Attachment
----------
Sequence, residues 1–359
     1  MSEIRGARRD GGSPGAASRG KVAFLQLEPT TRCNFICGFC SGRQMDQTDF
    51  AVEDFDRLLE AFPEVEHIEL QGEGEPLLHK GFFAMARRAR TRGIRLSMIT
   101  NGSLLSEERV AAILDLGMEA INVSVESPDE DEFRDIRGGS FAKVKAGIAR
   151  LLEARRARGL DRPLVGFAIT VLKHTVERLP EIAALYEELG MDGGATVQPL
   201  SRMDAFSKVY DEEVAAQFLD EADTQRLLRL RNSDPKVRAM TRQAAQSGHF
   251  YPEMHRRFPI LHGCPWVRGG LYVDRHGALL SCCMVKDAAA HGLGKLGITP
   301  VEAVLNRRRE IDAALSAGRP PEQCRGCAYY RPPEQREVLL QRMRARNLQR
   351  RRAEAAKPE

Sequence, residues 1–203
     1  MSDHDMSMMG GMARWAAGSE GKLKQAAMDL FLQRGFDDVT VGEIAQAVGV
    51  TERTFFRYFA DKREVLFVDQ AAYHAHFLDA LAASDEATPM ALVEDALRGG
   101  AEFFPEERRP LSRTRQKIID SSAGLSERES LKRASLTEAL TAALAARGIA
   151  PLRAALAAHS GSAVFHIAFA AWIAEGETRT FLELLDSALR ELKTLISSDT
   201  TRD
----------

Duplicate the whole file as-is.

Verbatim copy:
Sequence, residues 1–359
     1  MSEIRGARRD GGSPGAASRG KVAFLQLEPT TRCNFICGFC SGRQMDQTDF
    51  AVEDFDRLLE AFPEVEHIEL QGEGEPLLHK GFFAMARRAR TRGIRLSMIT
   101  NGSLLSEERV AAILDLGMEA INVSVESPDE DEFRDIRGGS FAKVKAGIAR
   151  LLEARRARGL DRPLVGFAIT VLKHTVERLP EIAALYEELG MDGGATVQPL
   201  SRMDAFSKVY DEEVAAQFLD EADTQRLLRL RNSDPKVRAM TRQAAQSGHF
   251  YPEMHRRFPI LHGCPWVRGG LYVDRHGALL SCCMVKDAAA HGLGKLGITP
   301  VEAVLNRRRE IDAALSAGRP PEQCRGCAYY RPPEQREVLL QRMRARNLQR
   351  RRAEAAKPE

Sequence, residues 1–203
     1  MSDHDMSMMG GMARWAAGSE GKLKQAAMDL FLQRGFDDVT VGEIAQAVGV
    51  TERTFFRYFA DKREVLFVDQ AAYHAHFLDA LAASDEATPM ALVEDALRGG
   101  AEFFPEERRP LSRTRQKIID SSAGLSERES LKRASLTEAL TAALAARGIA
   151  PLRAALAAHS GSAVFHIAFA AWIAEGETRT FLELLDSALR ELKTLISSDT
   201  TRD